This is the story of how Mark Zuckerberg, a Harvard student at the time, created Facebook and became the youngest billionaire in history.
“Star Trek” (2009)
Newly commissioned James T. Kirk and his crew of the USS Enterprise head to Vulcan when an emergency arises. Watch this before “Star Trek Into Darkness” comes out in theaters in May.
At the end of the nineteenth century in London, two famous rival magicians battle it out to be the greatest, which results in tragic consequences.
All of these techie books and movies can be found at Manhattan Public Library. Be sure to check out the techie books display in the young adult area for other great techie reads.
Faith Holland is heading home to upstate New York and her family, after having been jilted at the altar 3 years earlier by her fiancée Jeremy, who chose their wedding day to inform her that his sexual preferences were geared to men rather than women. His Best Man at the wedding, Levi Cooper, is the one who convinced Jeremy to cancel the wedding and Faith has resented him since. Levi is now the Chief of Police in Manningsport and still Jeremy’s best friend. Faith returns to her family and it’s winery and her friends in this small town where everyone knows everything that happens. Both Levi and Faith have issues in their past that keep them from building relationships, and both must deal with them before they can move on with their lives. The Best Man is a typical Kristan Higgins novel, filled with quirky characters, laugh out loud scenes, funny dialog and characters you grow to care about. The path to finding love is a bumpy one for Levi and Faith and their vulnerability and likeability make this a perfect romance!
The wonderful books of Maeve Binchy have come to an end with her death last July in Ireland. This last delightful book, A Week in Winter was finished just a few weeks prior to her becoming ill. Those of us who are her fans will miss her common sense and creative approach to life’s obstacles and trauma. Maeve has written about every kind of personality imaginable in her Irish tales. Her stories unite characters bringing support to each other and finding answers to difficulties. Whether it be divorce, unwanted pregnancy, lover’s who run off, death, senility, Maeve’s characters learn to journey on.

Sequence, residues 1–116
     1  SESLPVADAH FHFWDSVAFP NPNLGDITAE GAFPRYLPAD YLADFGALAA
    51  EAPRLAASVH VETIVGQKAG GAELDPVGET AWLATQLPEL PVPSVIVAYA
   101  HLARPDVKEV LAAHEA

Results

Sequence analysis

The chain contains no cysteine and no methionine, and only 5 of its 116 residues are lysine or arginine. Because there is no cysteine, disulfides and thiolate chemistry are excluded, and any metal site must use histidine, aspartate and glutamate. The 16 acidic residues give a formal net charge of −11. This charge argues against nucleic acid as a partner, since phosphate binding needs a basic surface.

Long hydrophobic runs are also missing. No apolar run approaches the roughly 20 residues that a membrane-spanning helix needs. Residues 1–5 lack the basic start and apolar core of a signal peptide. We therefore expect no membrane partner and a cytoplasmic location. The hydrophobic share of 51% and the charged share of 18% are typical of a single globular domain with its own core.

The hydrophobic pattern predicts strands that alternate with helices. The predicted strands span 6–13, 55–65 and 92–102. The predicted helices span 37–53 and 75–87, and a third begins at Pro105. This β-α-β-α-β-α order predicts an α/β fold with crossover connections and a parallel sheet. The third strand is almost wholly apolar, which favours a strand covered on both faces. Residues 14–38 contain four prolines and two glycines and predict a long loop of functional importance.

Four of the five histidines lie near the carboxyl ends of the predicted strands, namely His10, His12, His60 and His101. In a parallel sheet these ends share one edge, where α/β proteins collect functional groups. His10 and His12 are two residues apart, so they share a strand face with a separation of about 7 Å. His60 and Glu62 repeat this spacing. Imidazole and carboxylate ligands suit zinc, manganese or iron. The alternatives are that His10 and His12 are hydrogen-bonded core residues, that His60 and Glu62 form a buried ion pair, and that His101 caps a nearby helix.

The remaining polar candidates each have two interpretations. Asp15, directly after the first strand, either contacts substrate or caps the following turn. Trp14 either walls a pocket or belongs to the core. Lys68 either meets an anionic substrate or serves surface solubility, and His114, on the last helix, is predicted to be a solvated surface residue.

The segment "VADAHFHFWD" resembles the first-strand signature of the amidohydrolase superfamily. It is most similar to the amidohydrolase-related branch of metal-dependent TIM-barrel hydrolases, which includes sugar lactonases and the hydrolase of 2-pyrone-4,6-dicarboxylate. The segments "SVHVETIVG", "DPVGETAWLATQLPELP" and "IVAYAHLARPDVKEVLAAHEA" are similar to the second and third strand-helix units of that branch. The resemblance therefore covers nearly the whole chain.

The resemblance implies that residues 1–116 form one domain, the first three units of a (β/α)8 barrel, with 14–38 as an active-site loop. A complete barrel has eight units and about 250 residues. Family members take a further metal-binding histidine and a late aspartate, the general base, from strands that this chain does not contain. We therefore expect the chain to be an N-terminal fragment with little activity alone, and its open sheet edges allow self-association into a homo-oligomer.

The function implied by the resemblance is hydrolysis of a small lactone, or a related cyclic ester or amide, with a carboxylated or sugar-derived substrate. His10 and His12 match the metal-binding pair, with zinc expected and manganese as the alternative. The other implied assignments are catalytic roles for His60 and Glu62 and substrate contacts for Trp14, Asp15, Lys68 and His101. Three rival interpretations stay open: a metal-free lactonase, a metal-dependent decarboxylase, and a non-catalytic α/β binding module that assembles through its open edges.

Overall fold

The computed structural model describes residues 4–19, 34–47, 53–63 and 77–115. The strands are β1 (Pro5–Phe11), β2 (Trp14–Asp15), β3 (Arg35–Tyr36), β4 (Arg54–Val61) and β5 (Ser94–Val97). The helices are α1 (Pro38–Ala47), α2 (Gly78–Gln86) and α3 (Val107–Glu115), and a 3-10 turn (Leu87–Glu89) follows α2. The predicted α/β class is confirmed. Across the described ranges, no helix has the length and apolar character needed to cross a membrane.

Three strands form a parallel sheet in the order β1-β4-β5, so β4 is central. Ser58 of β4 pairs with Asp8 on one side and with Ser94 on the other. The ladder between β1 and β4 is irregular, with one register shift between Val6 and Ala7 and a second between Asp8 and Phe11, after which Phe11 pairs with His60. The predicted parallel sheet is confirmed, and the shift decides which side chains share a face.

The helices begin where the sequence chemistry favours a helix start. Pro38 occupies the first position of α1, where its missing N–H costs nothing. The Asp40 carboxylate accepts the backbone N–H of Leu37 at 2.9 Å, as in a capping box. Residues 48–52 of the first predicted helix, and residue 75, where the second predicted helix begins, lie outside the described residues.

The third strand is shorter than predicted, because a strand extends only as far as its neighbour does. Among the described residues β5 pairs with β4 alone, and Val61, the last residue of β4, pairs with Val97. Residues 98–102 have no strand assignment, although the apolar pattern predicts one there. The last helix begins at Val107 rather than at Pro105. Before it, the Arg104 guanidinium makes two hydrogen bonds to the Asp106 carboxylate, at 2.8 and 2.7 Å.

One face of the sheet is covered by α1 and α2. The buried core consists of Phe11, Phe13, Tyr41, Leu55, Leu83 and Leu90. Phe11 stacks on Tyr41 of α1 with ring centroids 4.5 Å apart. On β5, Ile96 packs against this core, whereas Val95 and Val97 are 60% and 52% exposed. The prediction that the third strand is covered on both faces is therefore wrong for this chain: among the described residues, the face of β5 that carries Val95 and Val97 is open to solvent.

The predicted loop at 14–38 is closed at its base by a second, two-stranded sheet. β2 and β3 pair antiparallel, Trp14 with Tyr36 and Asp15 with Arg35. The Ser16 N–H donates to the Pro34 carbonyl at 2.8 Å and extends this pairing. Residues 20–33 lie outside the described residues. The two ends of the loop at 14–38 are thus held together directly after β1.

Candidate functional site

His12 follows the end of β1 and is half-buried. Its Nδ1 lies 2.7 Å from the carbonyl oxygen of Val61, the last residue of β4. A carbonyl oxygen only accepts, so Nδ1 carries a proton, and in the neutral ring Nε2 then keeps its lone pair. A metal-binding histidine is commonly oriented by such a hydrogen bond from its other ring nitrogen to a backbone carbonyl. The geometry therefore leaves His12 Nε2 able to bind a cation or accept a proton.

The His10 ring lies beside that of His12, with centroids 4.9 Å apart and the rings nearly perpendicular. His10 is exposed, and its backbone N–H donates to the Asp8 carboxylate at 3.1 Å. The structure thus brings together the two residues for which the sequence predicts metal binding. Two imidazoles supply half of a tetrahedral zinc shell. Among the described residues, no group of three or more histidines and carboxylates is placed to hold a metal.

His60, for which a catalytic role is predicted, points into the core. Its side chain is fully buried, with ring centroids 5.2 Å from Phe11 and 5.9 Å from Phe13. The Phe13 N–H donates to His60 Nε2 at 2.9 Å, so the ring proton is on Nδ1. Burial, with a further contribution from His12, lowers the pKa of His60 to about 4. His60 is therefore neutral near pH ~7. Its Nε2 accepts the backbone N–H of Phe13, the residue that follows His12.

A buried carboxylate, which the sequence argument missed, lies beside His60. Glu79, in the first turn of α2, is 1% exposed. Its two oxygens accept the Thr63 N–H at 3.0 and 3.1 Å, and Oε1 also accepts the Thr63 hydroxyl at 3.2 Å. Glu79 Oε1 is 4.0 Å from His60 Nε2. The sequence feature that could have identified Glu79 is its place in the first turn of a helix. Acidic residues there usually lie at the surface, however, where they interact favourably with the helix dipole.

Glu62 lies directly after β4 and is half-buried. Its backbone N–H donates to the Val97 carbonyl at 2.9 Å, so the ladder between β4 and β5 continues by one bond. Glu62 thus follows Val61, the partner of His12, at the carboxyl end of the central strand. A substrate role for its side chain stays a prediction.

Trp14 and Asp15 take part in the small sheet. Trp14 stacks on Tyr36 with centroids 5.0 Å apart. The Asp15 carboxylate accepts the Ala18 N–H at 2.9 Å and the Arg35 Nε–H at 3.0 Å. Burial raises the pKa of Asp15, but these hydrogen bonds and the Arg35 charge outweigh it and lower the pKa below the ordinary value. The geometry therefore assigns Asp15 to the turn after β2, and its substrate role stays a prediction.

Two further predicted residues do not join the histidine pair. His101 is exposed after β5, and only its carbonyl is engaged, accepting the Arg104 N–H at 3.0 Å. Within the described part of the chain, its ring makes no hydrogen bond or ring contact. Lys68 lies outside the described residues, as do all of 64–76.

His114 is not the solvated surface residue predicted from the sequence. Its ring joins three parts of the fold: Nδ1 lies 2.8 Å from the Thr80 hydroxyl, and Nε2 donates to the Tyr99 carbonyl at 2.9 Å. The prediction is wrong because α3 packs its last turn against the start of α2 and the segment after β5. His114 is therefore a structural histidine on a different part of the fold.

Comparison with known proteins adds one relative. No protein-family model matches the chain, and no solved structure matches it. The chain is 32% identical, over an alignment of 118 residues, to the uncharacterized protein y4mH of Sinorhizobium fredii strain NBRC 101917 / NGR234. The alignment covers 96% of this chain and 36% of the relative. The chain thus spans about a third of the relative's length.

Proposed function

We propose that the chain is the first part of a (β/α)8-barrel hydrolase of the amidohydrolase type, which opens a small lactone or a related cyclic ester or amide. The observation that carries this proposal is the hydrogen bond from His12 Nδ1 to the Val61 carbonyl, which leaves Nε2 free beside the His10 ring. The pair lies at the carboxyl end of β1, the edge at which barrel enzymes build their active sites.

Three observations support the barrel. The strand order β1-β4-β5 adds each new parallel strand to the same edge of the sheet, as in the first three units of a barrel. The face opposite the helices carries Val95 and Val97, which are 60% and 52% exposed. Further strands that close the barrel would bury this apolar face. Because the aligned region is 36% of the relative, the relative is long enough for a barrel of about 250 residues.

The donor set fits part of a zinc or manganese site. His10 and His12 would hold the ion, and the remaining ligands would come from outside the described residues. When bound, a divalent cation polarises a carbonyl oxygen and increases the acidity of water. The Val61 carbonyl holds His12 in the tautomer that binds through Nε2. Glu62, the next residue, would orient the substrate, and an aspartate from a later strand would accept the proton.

In her last novel we are experiencing the windswept coast of western Ireland where Chicky is turning an old estate into a bed and breakfast. She has returned to her home town after many years in New York hiding the fact that her love deserted her after convincing her to leave home. The following chapters each tell the story of a person who finds themselves at Stone House that first week.
Maeve was a journalist for the Irish Times for many years. When interviewed about her books she shared this bit of philosophy that was evident in her wonderful books, “I don’t think you’re happier if you’re thin or beautiful or rich or married. You have to make your own happiness,” Binchy told Australia’s Illawarra Mercury newspaper in 2000. “My heroines do not become beautiful elegant swans, they become confident ducks and get on with life.”